A frequently repeated principle of legal malpractice is that the “but for” portion of the case is really where all arguments center. Few legal malpractice cases are brought where a departure by the attorney is not glaring. The more perplexing question is what would have happened if the attorney had not made a mistake. in Karambelas v Law Off. of Mark S. Helweil 2020 NY Slip Op 30974(U) April 21, 2020 Supreme Court, New York County Docket Number: Index No. 150591/2019 Judge: Louis L. Nock we see what happens to a legal malpractice case based upon whether the wife in a divorce case would have done better in divorce or in surrogates’ court when the husband dies just before judgment in the divorce case was entered. In the earlier Karambelas case, we saw what happened with the prior attorneys during the divorce.
“This malpractice action arises out of the Firm’s representation of Ms. Karambelas duringthe latter portions of a divorce action titled Kaplan v Karambelas (No. 401958/2013 [Sup Ct NY
County]) which was ultimately abated upon the unfortunate event of Ms. Karambelas’ husband’s death. The Firm had been the fourth law firm hired by Ms. Karambelas to represent her in that divorce action. The Firm asserts on this motion that, since her husband died, Ms. Karambelas received a jointly owned Park Avenue apartment, appraised at $4.75 million in the divorce action. The Firm further asserts that Ms. Karambelas has also received $1.7 million in life insurance proceeds from her late husband’s policy.”
“The overarching gist of the motion rests on the Firm’s prediction concerning the future outcome of a pending Surrogate’s Court proceeding involving the probate of the late Mr.
Kaplan’s estate (Matter of Estate of Peter M. Kaplan, a/k/a Peter Mark Kaplan, Peter C. Kaplan, and Peter Kaplan, No. 2018-3342/B [Surr Ct NY County]). The Firm asserts that the estate
includes a residence in Water Mill, New York, appraised during the divorce action at $4.75 million, as well as jewelry and artwork valued in excess of $1 million. The Firm’s theory
underlying this motion is, in large part, distilled in paragraph 8 of the moving affirmation of its counsel, who predicts that “Karambelas will ultimately receive [through the probate of the Kaplan Estate] substantially more than she would have received in the divorce action under the equitable distribution laws of the State of New York – so she nonetheless will receive all the money he allegedly would have been obligated to pay for legal fees and maintenance anyway – and much more” (NYSCEF Doc. No. 4 ¶ 8).
In fact, the Firm’s said factual prediction permeates its entire motion (see, NYSCEF Doc. No. 4 ¶¶ 19 [“As a result of her husband’s death and the abated divorce action, Karambelas, as
his wife, will likely be left the entirety of his estate . . ., obtained full ownership of the jointly owned Park Avenue apartment and has received life insurance proceeds of $1.7 million . . . .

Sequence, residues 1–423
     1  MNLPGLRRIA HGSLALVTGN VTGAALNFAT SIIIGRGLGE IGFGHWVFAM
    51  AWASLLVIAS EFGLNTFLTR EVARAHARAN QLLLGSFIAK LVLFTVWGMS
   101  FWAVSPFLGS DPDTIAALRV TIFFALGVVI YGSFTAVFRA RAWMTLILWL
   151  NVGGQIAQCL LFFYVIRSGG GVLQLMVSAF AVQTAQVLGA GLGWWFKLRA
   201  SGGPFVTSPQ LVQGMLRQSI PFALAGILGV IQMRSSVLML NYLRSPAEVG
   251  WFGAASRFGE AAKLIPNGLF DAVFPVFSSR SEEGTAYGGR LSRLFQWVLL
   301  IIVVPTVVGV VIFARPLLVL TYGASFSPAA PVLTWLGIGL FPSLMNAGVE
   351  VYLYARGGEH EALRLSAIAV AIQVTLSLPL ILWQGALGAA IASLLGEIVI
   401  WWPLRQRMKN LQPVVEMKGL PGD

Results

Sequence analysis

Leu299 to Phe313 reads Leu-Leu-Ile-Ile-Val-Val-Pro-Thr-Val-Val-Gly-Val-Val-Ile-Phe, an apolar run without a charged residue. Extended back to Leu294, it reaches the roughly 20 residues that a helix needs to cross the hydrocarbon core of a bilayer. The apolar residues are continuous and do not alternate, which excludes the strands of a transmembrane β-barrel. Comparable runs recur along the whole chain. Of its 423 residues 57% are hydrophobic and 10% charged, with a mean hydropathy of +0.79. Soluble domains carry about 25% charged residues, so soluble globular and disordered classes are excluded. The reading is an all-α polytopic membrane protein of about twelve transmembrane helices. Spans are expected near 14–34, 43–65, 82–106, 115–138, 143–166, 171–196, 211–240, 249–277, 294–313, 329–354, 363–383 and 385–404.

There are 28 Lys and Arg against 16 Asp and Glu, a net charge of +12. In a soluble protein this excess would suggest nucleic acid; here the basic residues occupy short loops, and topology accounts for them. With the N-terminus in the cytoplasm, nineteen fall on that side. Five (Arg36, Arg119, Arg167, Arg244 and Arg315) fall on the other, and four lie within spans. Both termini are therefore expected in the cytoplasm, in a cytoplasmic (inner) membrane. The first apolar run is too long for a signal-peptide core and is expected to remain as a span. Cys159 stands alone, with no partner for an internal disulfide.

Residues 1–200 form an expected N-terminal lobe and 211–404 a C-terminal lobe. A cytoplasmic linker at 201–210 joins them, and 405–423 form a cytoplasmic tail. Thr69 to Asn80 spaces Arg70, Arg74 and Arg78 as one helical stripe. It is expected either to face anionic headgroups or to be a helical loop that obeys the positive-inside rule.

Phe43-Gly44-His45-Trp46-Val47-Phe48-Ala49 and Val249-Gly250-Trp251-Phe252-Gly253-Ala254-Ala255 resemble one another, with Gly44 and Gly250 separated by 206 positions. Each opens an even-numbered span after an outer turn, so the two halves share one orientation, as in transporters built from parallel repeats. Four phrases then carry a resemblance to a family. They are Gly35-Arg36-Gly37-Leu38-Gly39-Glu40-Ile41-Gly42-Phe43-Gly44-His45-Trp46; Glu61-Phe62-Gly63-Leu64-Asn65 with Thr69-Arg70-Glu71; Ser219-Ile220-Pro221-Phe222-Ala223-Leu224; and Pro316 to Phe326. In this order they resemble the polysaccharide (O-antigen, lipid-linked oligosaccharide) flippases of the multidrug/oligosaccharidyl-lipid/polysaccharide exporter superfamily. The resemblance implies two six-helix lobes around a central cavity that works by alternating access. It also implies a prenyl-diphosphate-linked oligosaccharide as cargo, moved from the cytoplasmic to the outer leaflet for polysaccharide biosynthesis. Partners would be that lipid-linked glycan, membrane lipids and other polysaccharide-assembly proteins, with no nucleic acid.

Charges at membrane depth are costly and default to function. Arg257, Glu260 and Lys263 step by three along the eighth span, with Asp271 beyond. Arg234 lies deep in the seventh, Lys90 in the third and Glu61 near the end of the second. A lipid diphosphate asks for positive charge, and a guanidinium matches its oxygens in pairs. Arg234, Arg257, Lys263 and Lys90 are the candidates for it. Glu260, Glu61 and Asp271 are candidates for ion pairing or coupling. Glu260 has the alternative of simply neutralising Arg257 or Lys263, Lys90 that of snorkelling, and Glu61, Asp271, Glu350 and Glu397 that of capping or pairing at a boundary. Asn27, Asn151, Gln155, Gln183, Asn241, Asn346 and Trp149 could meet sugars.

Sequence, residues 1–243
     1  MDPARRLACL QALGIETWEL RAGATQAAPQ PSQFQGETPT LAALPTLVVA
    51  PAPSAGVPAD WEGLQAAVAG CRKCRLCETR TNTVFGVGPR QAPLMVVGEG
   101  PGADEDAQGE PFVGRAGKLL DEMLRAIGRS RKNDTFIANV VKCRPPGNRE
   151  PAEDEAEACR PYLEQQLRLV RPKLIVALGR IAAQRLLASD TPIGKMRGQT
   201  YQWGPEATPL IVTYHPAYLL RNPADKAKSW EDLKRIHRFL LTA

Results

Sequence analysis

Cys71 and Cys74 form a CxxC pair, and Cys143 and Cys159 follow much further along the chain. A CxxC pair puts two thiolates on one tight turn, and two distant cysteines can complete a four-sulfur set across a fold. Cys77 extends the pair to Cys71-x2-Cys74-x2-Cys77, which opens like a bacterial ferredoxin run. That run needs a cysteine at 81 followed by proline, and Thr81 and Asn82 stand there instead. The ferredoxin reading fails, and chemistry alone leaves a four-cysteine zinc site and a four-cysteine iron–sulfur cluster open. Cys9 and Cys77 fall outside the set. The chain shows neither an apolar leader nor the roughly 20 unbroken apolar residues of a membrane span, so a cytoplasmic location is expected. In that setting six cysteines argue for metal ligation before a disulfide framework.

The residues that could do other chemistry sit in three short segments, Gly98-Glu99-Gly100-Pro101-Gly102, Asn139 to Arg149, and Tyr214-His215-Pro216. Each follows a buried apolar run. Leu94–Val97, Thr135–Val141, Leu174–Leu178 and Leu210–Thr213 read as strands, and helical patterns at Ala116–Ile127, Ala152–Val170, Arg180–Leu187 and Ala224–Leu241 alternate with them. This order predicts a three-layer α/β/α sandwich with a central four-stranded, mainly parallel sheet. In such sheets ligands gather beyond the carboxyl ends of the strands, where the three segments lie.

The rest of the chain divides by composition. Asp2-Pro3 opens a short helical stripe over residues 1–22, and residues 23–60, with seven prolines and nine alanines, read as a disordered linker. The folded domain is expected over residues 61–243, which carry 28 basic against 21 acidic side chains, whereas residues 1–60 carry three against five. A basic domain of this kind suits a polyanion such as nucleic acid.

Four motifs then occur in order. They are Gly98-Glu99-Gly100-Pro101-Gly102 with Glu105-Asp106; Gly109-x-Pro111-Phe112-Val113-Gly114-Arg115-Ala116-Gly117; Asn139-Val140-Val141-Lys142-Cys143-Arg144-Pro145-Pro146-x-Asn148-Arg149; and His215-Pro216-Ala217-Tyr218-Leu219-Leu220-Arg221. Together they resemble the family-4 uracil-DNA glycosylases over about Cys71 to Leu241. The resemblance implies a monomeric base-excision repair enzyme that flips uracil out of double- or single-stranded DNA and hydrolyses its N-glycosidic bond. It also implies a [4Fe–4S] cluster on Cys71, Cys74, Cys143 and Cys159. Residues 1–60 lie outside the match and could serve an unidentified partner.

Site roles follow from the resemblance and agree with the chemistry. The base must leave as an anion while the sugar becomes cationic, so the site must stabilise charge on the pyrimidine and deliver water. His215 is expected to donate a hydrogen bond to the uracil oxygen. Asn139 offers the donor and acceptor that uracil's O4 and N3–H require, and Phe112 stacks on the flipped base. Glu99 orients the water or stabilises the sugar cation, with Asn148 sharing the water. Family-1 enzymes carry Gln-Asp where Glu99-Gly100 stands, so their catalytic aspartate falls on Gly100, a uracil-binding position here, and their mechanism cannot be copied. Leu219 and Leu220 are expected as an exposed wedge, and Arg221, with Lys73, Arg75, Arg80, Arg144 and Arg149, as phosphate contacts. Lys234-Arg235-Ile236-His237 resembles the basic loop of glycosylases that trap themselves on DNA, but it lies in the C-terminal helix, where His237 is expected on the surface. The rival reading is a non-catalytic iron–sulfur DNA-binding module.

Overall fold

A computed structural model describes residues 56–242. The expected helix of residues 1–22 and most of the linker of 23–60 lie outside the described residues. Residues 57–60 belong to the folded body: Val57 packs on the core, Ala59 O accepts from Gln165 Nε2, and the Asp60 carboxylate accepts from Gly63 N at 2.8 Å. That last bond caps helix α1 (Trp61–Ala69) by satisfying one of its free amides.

This would include the same money from which she allegedly would have received payment from for her legal fees and expenses.”], 27 [“it is anticipated that Karambelas will inherit significantly more money as a result of her husband’s death than she alleges as damages, and would encompass any payments allegedly not received while her husband was alive”]).
In opposition to the motion, counsel for Ms. Karambelas asserts that the Firm is overplaying Ms. Karambelas’ hand in the probate proceeding. First, he asserts that the only estate asset worth speaking of is the late Mr. Kaplan’s residence in Watermill, New York, “of which [Ms. Karambelas] would presumably have been awarded at least half in the divorce
action” (NYSCEF Doc. No. 12 ¶ 44). Said counsel further asserts, in contradistinction to the Firm’s counsel, that “[t]he estate does not include the artwork and jewelry referenced in the
attorney’s affirmation submitted in support of the motion at bar” (id., ¶ 46). Said counsel then proceeds to calculate what he believes are the debts of the Kaplan Estate, estimating them at “almost $3 million” (id., ¶ 47). Notably, said counsel further discounts the Firm’s optimistic projections of Ms. Karabelas’ probate take-away by informing the court of “the simple fact that [Mr. Kaplan’s] son is also a beneficiary and co-administrator of [Mr. Kaplan’s] estate,” concluding – or rather, counter-predicting – that Ms. Karambelas “may, at best, recover only half of her husband’s estate, to the extent that any assets remain after all of the estate’s debts have been paid” (id., ¶ 50). ”
“Based on the mutual primacy of the probate proceeding in the eyes of all the parties hereto, as manifested by their own submissions, this court concurs that the most effective
exercise of discretion at this time is to grant the Firm’s alternative request for a stay of this action pending a final resolution of the pending Surrogate’s Court proceeding. Only at that seminal point in time can the parties be able to regroup and re-assess what they currently view as the ostensible merits of their respective claims and defenses in this ancillary malpractice action and, equally importantly, whether it would be worth their whiles in doing so altogether.”